Drug driving

Research suggests that those who use drugs and drive have a similar crash risk to drivers with a blood alcohol concentration of between 0.1 and 0.15 (CARRS-Q 2008, p1).

Since December 2007 Queensland Police have been able to undertake random roadside saliva testing for illegal drugs (Queensland Transport 2009, p1).  

The saliva samples are tested for the presence of THC (the active ingredient in cannabis), Methylamphetamine (‘speed’ or ‘ice’) and MDMA (the active ingredient in ‘ecstasy’) (Queensland Transport 2009, p1).  These are believed to be the drugs most commonly identified in the bodies of drivers and riders involved in fatal crashes (Queensland Transport 2008, p14).

The introduction of roadside drug testing in Queensland and other jurisdictions has been an important development in road safety, especially considering drug driving is believed to be an increasing problem and with one 10-year evaluation of Australian road crashes estimating that one quarter of the drivers killed in road crashes tested positive to drugs other than alcohol (CARRS-Q 2008, p1).

While there has been progress made with regard to enforcement against drug driving with the 2007 introduction of random roadside drug testing for some illicit drugs, the RACQ believes that the testing program needs to be expanded so that drivers can be tested more frequently.

RACQ also believes that more work still needs to be done to educate drivers about the dangers of driving under the influence of drugs – especially legal over-the-counter/prescription medication – and that a means for testing for the presence of these types of drugs (that can affect driving ability) needs to be investigated, because both legal and illegal drugs have the potential to increase the risk of a crash or alter a driver’s behaviour (Queensland Transport 2006, p9).

Collection and recording of offence and crash data in relation to drug use also needs to be of a high standard, to help paint a clearer picture as to the prevalence of drug driving in Queensland.

Advice for motorists:

  • Prescription and non-prescription drugs can affect your vision, mood, decision-making skills, muscles and coordination.
  • When starting a new course of medication, ask your doctor or pharmacist about the effects it may have on your driving.
  • Driving while adversely affected by medication is not an excuse for careless driving, and can result in penalties.
  • Mixing drugs or combining drugs with alcohol can seriously affect your ability to drive safely.
  • You should never drive if you have consumed illicit/recreational drugs.

The dangers of drug driving

This RACQ TV episode explores the dangers of 'drug driving'. And it isn't just illicit drugs we need to be concerned about, taking prescription medication and getting behind the wheel is also of huge concern.

    1. Monitor and report on drug use by all drivers and riders killed or seriously injured in crashes and infringement rates vs. tests for drug drivers. Ensure that crashes where drugs were a contributing factor are recorded separately to alcohol. Continue research into understanding the effects that drugs have on driving and how they contribute to road crashes – especially prescription/over-the-counter medication.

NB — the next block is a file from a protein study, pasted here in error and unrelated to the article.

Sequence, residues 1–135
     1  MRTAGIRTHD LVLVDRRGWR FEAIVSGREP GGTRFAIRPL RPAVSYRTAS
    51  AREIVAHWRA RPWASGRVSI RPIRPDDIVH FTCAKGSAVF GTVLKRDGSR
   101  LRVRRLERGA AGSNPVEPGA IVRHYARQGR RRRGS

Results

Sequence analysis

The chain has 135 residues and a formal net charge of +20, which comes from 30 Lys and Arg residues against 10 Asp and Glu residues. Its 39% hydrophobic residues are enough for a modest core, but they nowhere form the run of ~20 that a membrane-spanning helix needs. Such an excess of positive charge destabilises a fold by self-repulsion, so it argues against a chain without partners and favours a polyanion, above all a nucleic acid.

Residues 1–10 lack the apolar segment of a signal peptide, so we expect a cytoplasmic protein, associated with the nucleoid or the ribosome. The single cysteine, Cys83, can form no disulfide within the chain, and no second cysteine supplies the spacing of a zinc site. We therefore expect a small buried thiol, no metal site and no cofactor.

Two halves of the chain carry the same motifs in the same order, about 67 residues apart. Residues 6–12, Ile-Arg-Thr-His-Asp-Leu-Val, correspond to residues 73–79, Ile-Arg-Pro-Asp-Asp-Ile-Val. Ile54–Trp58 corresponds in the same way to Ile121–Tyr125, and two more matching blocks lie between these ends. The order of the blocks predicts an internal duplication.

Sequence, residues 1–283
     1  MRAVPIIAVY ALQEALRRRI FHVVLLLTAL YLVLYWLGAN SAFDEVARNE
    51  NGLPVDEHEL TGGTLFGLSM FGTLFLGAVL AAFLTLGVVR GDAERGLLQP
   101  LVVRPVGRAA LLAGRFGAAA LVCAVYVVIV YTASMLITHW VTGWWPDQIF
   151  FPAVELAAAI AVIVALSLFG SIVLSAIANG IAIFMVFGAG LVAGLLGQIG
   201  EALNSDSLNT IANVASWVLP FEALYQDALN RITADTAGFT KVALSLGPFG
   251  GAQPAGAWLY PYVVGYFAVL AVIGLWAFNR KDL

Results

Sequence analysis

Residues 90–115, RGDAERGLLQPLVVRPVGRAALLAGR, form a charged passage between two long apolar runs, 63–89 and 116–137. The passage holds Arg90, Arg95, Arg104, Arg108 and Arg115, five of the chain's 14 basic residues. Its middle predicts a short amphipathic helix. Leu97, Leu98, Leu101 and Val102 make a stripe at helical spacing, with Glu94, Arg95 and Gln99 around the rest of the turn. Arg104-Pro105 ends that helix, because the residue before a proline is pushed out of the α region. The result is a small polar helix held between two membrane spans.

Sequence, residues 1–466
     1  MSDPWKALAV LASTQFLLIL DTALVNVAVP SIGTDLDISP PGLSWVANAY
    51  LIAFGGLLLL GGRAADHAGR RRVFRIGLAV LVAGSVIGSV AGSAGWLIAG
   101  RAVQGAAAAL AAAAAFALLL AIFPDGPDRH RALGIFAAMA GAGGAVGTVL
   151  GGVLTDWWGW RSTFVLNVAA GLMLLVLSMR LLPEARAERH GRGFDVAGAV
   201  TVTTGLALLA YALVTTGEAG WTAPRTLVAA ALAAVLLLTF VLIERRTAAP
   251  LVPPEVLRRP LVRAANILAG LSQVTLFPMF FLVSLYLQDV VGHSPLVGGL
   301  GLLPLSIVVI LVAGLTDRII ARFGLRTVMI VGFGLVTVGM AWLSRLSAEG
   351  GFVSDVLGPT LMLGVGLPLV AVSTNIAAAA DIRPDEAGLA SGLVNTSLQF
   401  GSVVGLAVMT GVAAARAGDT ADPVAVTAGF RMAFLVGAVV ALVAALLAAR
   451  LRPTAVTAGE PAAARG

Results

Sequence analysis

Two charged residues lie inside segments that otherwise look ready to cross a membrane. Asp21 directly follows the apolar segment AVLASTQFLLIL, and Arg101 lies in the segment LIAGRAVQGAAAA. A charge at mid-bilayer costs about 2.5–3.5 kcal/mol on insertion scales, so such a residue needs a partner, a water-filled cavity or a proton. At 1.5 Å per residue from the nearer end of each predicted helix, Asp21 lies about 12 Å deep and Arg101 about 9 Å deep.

2. Educate the community about available research on the effects of certain drugs on driving performance – including prescription medications (and their misuse) as well as illicit ‘recreational’ substances.
    3. Encourage drivers and health professionals to be more informed about the effects of medication on driving performance and take appropriate action, e.g., use of alternative prescriptions or forms of transport.
    4. Continue to develop methods, legislation, procedures and accurate equipment that allow more widespread drug testing, applied either randomly or in a targeted manner, e.g., more roadside screening devices and impairment detection techniques.
    5. Expand the number and coverage of targeted and random drug tests to ensure that more Queensland drivers are tested for drug use each year.
    6. Develop alternative penalties for drivers caught drug driving, e.g., early intervention programs for first time offenders to reduce their chances of re-offending and rehabilitation programs addressing health/dependency problems for repeat offenders.
  • CARRS-Q 2008, State of the Road: Drug Driving Fact Sheet, CARRS-Q, Queensland University of Technology, Carseldine, Queensland, Australia.

    Queensland Transport 2009, Drug Driving Fact Sheet, Queensland Government, Web Document, Accessed 30/01/09: Drug Driving Fact Sheet 2009

    Queensland Transport 2006, Queensland Road Safety Action Plan 2006-2007: safe4life, Queensland Government, Brisbane, Queensland, Australia.

    Queensland Transport 2008, Queensland Road Safety Action Plan 2008-2009: safe4life, Queensland Government, Brisbane, Queensland, Australia.

Things to note

The information in this article has been prepared for general information purposes only and is not intended as legal advice or specific advice to any particular person. Any advice contained in the document is general advice, not intended as legal advice or professional advice and does not take into account any person’s particular circumstances. Before acting on anything based on this advice you should consider its appropriateness to you, having regard to your objectives and needs.